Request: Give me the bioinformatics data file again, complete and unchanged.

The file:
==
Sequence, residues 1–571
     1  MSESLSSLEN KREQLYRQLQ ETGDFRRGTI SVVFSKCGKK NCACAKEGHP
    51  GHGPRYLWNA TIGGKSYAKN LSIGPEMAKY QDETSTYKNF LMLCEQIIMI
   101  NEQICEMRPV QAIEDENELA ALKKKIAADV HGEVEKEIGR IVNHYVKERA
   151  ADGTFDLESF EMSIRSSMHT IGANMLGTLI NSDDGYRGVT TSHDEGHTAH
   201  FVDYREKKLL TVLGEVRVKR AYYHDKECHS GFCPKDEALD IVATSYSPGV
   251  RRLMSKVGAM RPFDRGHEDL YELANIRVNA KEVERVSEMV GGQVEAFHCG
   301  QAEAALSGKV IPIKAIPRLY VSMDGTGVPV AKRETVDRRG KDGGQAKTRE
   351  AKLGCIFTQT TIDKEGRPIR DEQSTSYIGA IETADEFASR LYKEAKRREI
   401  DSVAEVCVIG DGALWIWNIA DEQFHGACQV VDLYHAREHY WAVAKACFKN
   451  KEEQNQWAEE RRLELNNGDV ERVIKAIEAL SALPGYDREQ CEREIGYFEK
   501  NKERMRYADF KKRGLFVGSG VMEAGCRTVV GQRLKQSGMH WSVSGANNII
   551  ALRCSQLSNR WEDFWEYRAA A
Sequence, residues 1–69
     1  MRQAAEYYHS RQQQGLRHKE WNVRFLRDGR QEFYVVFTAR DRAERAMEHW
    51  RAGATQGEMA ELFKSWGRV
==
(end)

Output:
Sequence, residues 1–571
     1  MSESLSSLEN KREQLYRQLQ ETGDFRRGTI SVVFSKCGKK NCACAKEGHP
    51  GHGPRYLWNA TIGGKSYAKN LSIGPEMAKY QDETSTYKNF LMLCEQIIMI
   101  NEQICEMRPV QAIEDENELA ALKKKIAADV HGEVEKEIGR IVNHYVKERA
   151  ADGTFDLESF EMSIRSSMHT IGANMLGTLI NSDDGYRGVT TSHDEGHTAH
   201  FVDYREKKLL TVLGEVRVKR AYYHDKECHS GFCPKDEALD IVATSYSPGV
   251  RRLMSKVGAM RPFDRGHEDL YELANIRVNA KEVERVSEMV GGQVEAFHCG
   301  QAEAALSGKV IPIKAIPRLY VSMDGTGVPV AKRETVDRRG KDGGQAKTRE
   351  AKLGCIFTQT TIDKEGRPIR DEQSTSYIGA IETADEFASR LYKEAKRREI
   401  DSVAEVCVIG DGALWIWNIA DEQFHGACQV VDLYHAREHY WAVAKACFKN
   451  KEEQNQWAEE RRLELNNGDV ERVIKAIEAL SALPGYDREQ CEREIGYFEK
   501  NKERMRYADF KKRGLFVGSG VMEAGCRTVV GQRLKQSGMH WSVSGANNII
   551  ALRCSQLSNR WEDFWEYRAA A
Sequence, residues 1–69
     1  MRQAAEYYHS RQQQGLRHKE WNVRFLRDGR QEFYVVFTAR DRAERAMEHW
    51  RAGATQGEMA ELFKSWGRV